Scoliosis in children causes the spine to have a curve that looks like an “S” or “C” instead of an “I.” It also causes a rotated or twisted spine, which can pull the ribs along with it to form a curve.
Idiopathic scoliosis – The most common form; it has no known cause. This type affects girls more than boys and tends to run in families. It makes the spine look like an “S” or a “C.” There are three age groups for this type of scoliosis in children:
- Infantile: Diagnosed from birth to age 3
- Juvenile: Diagnosed from ages 3 to 9
- Adolescent: The most common, diagnosed from ages 10 to 18
Neuromuscular scoliosis – The second most common form of scoliosis. It is associated with neuromuscular conditions such as cerebral palsy, muscular dystrophy and spina bifida. This type of scoliosis makes a child’s spine look more like a letter “C.” It also will make the spine rotate or twist, pulling the ribs with it to make a curve.
Congenital scoliosis – Present at birth and due to the vertebrae (bones) in the spine not forming the way they should. This may occur during a baby’s development, which can cause the bones to be:
- Not separated the way they should be
- Partially formed
- Not formed the way they should be
Low-dose Imaging for Children With Scoliosis
Children with scoliosis typically need many X-rays to monitor the progression of the curve and to follow up after treatment. Norton Children’s Orthopedics of Louisville, affiliated with the UofL School of Medicine, uses an advanced imaging system called EOS Imaging to collect 2D and 3D images while exposing children to extremely low doses of radiation. If surgery is required, the system provides detailed tools for planning the operation, including 3D models.
The EOS Imaging system offers 50% to 85% less radiation than traditional X-ray systems and 95% less dose than basic computed tomography (CT) scans. The micro-dose feature further reduces radiation exposure.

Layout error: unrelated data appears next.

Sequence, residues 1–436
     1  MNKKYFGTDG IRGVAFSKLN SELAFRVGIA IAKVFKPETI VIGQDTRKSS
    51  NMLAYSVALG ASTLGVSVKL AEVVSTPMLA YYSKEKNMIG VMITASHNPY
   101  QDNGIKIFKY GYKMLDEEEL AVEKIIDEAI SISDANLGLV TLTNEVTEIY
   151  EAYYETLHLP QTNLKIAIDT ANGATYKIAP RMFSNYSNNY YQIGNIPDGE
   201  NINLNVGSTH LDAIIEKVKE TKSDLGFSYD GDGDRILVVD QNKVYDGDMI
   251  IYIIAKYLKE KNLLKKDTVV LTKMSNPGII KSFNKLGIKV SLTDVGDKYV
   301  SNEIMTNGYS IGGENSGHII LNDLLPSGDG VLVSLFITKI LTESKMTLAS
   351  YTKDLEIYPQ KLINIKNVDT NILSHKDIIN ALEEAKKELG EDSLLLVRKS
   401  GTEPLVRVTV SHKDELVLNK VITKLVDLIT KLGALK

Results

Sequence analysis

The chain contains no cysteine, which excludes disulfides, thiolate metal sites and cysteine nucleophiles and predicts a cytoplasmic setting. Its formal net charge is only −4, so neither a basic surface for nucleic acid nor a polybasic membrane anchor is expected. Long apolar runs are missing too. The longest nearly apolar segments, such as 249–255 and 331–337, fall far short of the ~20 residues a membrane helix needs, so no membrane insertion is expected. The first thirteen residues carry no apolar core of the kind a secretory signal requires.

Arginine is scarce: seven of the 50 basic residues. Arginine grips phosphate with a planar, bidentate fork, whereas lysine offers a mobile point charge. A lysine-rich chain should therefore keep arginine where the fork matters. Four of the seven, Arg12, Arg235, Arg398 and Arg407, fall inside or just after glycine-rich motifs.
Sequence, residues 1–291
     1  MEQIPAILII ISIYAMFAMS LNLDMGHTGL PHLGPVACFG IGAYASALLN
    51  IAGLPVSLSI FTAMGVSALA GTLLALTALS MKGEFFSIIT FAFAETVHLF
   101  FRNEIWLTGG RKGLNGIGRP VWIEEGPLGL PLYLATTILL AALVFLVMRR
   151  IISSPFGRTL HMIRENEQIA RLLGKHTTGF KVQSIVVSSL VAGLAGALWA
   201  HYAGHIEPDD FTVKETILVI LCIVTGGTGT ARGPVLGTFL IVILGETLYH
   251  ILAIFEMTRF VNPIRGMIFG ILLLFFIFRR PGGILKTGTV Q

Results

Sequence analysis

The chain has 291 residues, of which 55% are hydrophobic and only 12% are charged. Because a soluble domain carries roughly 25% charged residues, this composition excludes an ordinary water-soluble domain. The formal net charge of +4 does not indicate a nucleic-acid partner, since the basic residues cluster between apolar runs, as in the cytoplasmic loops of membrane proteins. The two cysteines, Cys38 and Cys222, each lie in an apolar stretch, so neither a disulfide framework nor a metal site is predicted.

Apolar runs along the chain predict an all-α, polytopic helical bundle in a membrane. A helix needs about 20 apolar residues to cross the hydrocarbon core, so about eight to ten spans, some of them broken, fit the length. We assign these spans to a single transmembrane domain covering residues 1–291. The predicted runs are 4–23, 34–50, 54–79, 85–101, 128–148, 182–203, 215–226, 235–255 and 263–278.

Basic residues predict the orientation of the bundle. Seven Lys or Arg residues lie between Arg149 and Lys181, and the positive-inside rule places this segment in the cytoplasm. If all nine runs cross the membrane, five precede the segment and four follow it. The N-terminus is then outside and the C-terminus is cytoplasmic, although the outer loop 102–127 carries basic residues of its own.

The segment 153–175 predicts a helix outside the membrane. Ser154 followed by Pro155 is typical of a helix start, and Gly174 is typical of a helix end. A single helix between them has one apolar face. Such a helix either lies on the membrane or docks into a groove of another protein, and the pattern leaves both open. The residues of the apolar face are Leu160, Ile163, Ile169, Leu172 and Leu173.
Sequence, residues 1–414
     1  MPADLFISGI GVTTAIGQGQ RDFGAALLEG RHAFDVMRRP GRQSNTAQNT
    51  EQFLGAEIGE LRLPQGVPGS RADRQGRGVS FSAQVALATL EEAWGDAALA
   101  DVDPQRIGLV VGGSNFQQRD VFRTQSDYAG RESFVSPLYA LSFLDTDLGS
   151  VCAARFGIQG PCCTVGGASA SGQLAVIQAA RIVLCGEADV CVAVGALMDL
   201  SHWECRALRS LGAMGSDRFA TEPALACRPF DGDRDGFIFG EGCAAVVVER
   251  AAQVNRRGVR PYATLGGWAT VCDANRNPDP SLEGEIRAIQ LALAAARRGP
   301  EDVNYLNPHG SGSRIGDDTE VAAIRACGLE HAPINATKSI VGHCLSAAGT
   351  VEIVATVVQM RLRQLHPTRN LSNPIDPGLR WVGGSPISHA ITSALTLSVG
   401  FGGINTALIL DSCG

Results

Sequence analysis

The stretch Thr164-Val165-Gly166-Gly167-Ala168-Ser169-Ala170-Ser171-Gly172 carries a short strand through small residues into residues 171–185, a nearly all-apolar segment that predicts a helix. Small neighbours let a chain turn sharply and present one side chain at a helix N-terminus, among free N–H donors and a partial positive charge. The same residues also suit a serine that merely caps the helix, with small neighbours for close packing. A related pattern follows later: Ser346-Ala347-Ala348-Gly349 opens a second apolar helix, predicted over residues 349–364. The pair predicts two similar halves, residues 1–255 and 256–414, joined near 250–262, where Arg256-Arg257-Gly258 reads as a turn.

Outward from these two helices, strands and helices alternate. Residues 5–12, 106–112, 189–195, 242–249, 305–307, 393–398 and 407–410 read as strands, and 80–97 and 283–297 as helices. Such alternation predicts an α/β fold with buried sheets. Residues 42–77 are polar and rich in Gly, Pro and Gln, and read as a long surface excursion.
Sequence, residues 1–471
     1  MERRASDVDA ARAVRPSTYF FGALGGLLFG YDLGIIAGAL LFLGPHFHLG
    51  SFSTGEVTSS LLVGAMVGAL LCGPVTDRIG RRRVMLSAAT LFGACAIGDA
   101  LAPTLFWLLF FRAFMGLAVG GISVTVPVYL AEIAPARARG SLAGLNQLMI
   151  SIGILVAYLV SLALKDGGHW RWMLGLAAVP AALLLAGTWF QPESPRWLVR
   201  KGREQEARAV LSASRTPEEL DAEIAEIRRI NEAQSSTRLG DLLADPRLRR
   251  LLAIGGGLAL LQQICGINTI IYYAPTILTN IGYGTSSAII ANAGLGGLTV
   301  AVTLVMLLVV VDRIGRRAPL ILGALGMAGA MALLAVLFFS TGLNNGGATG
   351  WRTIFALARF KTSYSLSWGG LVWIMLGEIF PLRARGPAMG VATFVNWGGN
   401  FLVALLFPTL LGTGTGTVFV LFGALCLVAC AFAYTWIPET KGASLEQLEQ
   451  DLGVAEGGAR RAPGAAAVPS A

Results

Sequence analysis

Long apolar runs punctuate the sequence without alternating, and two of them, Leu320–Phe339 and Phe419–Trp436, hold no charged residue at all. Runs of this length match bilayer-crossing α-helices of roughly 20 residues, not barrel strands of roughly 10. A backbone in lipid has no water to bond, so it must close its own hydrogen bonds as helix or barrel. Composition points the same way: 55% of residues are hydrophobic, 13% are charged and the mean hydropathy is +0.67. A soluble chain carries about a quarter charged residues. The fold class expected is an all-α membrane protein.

With the help of a $300,000 grant from the Norton Children’s Hospital Foundation, with support from the PACCAR Foundation, the EOS Imaging system recently was installed at Norton Healthcare Pavilion in downtown Louisville, Kentucky.
Treating Scoliosis in Children
Our team treats children with all types of scoliosis, from mild to severe. Children are different, and our treatment plans focus on what will help your child have the best outcome.
Depending on type, there are surgical and nonsurgical scoliosis treatment options:
Nonsurgical Options for Scoliosis in Children
- Physical therapy
Surgical Options for Scoliosis in Children
- Spinal fusion – Surgery to stop a severe curve from progressing. It involves inserting rods and bone grafting to help the spine fuse and improve the curvature.
- Posterior fusion – The most common operation for idiopathic scoliosis, done through one incision in the back.
- Anterior fusion – A procedure done through the chest, often for curves lower in the spine.
- Anterior and posterior fusion – Some children require both surgeries. They may be done at the same time or spaced a few weeks apart.
- Spinal osteotomy – Surgery to help realign the back with partial removal of bone from the spine.
- Vertebral growth modulation – Surgery to help heal the curve with growth.
Most children and teens diagnosed with scoliosis can look forward to active lives. The outlook for your child greatly depends on the type of scoliosis and your child’s age when diagnosed. An important time for treatment of scoliosis in children is when the bones are still growing. Early diagnosis and treatment are keys for all types of scoliosis.